This wartime spoof on Sheridan’s The Rivals, by Richard Bean and Oliver Chris and playing at the National’s Olivier Theatre, seems to have mostly impressed the critics. It certainly impressed the audience on the preview performance I attended.
However I was disappointed. I love farce, I spent a good deal of my youth acting in plays by the likes of Ben Travers and I learned – mostly from the farce master, the (late) actor Ben Whitrow – that it must be played at speed, with deadly seriousness, and above all with a light touch.
It’s this last quality that is missing from the production, in my view. Here and there are the odd very funny lines, some but not all of which are well-delivered. Posh Lydia’s inept attempts at rhyming slang did not always hit the mark. And the Malapropisms are laboured and delivered with a sledge-hammer. On the other hand the scene between the maid Lucy, when she picks up on the fact that would-be poet Bikram, aka Tony, is nicking lines from Shakespeare and Keats, is as funny as it is unlikely.
But all in all there were only two performances I could properly believe in. Helena Melville, as Lydia’s friend Julia, plays her with a true sincerity that is straight out of the 1940s. And the star of the show, in my humble opinion, is Tim Steed, who unlike most of the rest of the cast brings a reality that is both hilarious and occasionally poignant to his character Brian Coventry, manager of the base, thanks to his underplaying and lightness of touch. A true successor to the late and great Ben Whitrow.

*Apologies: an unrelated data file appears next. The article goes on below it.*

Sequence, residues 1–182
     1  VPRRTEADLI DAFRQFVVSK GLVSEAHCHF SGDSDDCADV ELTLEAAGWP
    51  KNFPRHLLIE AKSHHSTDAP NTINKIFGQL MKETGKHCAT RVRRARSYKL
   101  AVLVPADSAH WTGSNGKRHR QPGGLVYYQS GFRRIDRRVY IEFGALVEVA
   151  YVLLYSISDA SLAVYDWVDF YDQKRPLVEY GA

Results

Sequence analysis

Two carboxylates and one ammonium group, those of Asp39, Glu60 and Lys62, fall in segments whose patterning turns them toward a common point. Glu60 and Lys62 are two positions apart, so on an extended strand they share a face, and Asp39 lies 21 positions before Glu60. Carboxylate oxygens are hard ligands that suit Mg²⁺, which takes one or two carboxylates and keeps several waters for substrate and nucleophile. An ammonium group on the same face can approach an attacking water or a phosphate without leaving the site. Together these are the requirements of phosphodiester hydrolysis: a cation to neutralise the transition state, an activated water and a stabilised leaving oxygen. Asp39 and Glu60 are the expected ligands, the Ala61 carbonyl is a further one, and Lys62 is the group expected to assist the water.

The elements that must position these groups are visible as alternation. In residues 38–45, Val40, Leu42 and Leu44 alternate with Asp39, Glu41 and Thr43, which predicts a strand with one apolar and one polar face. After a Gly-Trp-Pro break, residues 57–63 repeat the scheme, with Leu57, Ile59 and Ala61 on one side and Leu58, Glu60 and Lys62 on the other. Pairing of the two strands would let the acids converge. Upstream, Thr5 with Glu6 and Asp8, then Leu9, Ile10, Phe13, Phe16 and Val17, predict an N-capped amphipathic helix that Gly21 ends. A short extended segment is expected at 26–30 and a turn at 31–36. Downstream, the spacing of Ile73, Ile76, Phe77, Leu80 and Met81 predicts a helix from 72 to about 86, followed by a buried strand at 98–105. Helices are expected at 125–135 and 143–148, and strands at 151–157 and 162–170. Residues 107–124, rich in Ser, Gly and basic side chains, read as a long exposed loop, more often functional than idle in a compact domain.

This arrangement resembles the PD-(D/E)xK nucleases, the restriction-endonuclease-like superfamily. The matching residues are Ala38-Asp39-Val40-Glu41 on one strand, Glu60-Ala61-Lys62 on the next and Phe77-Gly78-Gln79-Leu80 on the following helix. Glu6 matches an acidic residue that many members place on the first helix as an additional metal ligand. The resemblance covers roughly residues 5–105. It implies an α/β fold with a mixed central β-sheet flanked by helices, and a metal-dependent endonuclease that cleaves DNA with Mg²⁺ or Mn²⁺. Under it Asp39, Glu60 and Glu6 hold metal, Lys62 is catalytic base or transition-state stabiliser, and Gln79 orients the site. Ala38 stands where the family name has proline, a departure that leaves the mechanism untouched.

London’s theatres went into lockdown on 16 March 2020. (The date is stamped in my memory as it was the day before I was due to see Uncle Vanya.)
It was sudden, to say the least. Actors and audiences alike were given about an hour’s notice. The lockdown was also, initially, ‘advisory’ – which I believe was a way of avoiding insurance obligations. In a stroke, actors, designers, technicians and producers were rendered out of work, with no sign – for some time – of respite or financial help.
The NATIONAL THEATRE stepped in, with alacrity. For several months they streamed a play a week, free, from their archives. THE SHOWS MUST GO ON, set up by NBC Universal, did the same thing, beginning with Andrew Lloyd Webber musicals.
This was a life-saver, but there was a snag. Audiences got used to watching first-rate West End and Broadway productions for free (though donations were much needed and appreciated). The smaller theatre companies, left high and dry, could not compete.
One lesser-known touring company, THE ORIGINAL THEATRE COMPANY, is a case in point. Their production of Alan Bennett’s The Habit of Art was due to begin touring the UK. When the shutters closed they filmed it instead and streamed it, charging, as I remember, a ‘pay what you can’ token fee. Then, with no experience of filming they set up ORIGINAL THEATRE ONLINE and decided to mount a new version of an earlier production, Birdsong, on Zoom. As ambitions go it doesn’t get much braver than that. (See my review of it here: https://londontheatrevisits.com/2020/07/02/theatre-in-lockdown-part-two-birdsong/)